The Ruspoli Chapel at the Porte Sante Cemetery in Florence. Material and diagnostic survey for conservation

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Anna Livia Ciuffreda
Elena Juarez Alonso
Petronilla Patti
Sara Soldaini

Abstract

Porte Sante is one of the monumental cemetery in Florence, located within the fortified bastion of the Basilica di San Miniato al Monte.
In the 1840s the town council decided to find a large area near Florence, to use as a cemetery. It was chosen the Fortress of San Miniato for the solemnity of the place.
The first project was entrusted to Niccolò Matas in 1844 and in the 1860s the architect Mariano Falcini designed a new project using the area of the sixteenth-century fortress that stretched around the church.

The Porte Sante cemetery surprised visitors with its comingling of styles: it was important to appear, to show the dignity of their own social class. This eclectic mix reveals interesting monuments for the style, for materials and construction methods.
One of this examples is the Ruspoli chapel, designed in 1891 by Giovanni Paciarelli, architect sensitive to modernism and designer of Paggi Palace in Florence.
The chapel, commissioned by Valsè-Pontellini family, stands out in the landscape for the precious texture of exotic carvings and inlays of polychrome marble, mosaics and historiated glass. Today it is in bad state of conservation.

Today it is in bad state of conservation.

The recovery of the chapel must provide for a careful restoration project whose foundation is the comprehensive knowledge of good, which can be achieved through the survey operations, the historical analysis and diagnostic investigations.
The use of a photogrammetry software allowed us to obtain a virtual 3D model, which forms the basis for subsequent analyzes and evaluations on the state of conservation of the building.
Such study will be applied to other artifacts in the cemetery, by implementing current and future studies on the whole complex of the Porte Sante.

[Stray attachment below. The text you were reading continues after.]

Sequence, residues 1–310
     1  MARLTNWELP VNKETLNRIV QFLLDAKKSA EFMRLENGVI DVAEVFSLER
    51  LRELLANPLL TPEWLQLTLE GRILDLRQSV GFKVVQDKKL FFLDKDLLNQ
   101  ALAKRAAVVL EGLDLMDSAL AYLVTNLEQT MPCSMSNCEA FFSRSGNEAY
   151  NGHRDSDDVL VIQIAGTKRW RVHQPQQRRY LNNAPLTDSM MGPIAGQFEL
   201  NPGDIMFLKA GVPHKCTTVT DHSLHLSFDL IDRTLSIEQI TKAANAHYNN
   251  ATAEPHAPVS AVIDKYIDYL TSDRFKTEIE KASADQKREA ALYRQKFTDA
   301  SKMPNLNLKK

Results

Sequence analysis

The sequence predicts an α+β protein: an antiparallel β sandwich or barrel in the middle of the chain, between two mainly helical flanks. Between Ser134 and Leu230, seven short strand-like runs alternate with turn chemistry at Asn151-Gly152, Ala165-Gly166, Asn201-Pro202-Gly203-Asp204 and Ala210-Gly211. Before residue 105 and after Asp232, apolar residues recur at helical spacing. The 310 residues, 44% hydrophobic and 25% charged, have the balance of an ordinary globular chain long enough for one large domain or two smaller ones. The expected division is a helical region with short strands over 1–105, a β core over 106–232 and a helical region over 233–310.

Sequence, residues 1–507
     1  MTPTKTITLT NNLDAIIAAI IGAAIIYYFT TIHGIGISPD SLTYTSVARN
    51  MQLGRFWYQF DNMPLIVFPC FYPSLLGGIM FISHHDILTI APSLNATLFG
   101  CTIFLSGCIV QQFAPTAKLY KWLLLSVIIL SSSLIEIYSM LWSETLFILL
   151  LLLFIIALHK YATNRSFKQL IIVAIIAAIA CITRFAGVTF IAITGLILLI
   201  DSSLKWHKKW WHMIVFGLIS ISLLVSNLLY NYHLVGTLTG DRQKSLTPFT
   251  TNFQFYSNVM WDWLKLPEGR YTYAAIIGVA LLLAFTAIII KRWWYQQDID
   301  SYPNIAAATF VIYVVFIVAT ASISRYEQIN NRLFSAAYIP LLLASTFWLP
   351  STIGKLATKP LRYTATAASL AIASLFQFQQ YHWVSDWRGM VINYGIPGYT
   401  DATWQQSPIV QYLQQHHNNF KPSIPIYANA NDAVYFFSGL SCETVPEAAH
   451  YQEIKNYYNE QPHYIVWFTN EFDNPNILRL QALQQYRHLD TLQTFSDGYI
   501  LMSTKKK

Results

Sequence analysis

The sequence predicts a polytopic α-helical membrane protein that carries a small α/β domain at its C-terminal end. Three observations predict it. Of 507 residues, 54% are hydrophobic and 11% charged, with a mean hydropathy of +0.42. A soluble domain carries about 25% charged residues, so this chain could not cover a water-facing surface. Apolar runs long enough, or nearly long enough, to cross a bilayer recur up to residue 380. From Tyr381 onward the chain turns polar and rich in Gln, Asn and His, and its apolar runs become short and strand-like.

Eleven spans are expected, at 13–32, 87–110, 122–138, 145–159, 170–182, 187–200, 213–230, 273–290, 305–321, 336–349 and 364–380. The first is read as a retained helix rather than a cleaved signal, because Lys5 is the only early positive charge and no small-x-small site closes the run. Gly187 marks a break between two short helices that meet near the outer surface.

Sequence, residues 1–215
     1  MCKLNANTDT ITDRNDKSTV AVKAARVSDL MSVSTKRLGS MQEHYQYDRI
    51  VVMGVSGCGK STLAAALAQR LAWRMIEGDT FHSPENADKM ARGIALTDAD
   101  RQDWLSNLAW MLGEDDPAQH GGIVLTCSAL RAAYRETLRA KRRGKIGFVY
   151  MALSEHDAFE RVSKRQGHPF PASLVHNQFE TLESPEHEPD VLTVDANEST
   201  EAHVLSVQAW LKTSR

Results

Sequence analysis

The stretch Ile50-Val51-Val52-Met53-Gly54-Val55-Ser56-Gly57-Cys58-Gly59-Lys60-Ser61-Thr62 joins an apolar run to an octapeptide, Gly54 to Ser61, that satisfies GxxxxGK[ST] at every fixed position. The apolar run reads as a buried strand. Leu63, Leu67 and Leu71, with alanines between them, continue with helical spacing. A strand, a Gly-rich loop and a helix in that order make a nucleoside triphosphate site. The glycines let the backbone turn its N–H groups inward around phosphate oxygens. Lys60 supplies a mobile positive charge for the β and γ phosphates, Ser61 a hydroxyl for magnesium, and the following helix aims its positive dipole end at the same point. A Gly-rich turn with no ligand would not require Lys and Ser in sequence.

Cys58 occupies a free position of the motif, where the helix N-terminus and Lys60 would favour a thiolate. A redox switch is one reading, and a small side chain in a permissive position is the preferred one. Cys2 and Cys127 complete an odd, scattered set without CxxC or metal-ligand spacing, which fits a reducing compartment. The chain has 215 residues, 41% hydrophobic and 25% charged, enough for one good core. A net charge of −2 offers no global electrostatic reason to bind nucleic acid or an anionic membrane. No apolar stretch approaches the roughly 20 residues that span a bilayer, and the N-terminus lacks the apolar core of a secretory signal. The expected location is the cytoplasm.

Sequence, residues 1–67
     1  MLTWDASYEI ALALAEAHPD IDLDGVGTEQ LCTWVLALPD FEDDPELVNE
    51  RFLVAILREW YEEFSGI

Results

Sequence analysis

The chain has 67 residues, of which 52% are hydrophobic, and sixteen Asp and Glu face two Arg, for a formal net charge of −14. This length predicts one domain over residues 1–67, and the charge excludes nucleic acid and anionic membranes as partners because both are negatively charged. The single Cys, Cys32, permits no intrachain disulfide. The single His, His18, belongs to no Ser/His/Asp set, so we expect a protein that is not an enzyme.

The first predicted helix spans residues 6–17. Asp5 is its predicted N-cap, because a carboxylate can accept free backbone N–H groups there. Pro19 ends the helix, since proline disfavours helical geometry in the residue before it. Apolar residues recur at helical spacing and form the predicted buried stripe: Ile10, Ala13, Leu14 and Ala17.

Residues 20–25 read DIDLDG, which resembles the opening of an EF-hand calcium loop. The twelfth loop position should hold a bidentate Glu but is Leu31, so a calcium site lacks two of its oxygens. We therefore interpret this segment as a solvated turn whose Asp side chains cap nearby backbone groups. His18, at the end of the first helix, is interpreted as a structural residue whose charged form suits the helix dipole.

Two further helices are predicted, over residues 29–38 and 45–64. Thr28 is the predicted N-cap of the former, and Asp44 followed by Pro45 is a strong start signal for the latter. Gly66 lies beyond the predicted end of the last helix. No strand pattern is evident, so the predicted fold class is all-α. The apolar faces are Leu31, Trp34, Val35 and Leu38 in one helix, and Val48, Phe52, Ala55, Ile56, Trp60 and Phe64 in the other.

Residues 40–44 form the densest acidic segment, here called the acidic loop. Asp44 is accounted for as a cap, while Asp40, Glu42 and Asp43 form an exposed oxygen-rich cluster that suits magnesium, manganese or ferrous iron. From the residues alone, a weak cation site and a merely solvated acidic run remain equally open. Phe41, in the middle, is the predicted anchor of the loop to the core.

Article Details

How to Cite
Ciuffreda, A. L., Juarez Alonso, E., Patti, P., & Soldaini, S. (2017). The Ruspoli Chapel at the Porte Sante Cemetery in Florence. Material and diagnostic survey for conservation. Studies in Digital Heritage, 1(2), 671-681. https://doi.org/10.14434/sdh.v1i2.23211
Section
Special Issue "Cultural Heritage and New Technologies 2016"
Author Biographies

Anna Livia Ciuffreda, University of Florence

Anna Livia Ciuffreda is an architect, currently attending the School of Specialization in Architectural Heritage and Landscape in Florence, where she graduated in 2013 with a thesis on the consolidation of the historic buildings.

Currently carries out work activities / research on restoration issues, structural restoration and conservation of historic buildings.

Elena Juarez Alonso

Elena Juárez Alonso was born in Granada (Spain) but currently she lives in Florence (Italy). She has a higher degree in Architecture from the Higher Technical School of Architecture of the University of Granada and is a post-graduate student at the School of Specialization in Architectonic and Landscape Heritage of the University of Florence.

Petronilla Patti

Petronilla Patti was born in Leonforte (En) in 1986, but now she lives in Florence. She obtains degree in architecture in 2013 at the University  of Architecture in Florence with the thesis in industrial archeology. She done an internship at the “Soprintendenza per i Beni Architettonici e per il Paesaggio” (Commission for the Architectural and Landscape Heritage) of Florence and L’Aquila. Actually, she collaborates with engineering and architecture company in Florence and she attending at the Specialization School in Architectonic and Landscape Heritage in Florence University.

Sara Soldaini

Sara Soldaini was born in Lucca in 1988, but she currently lives in Cerreto Guidi (Firenze). She obteins master’s degree in architecture in 2013 at Florence University with a tesi about conservation and recovery of historic built. Now she is achieving a specialization’s degree at the Specialization School in Architectonic and Landscape Heritage of Florence.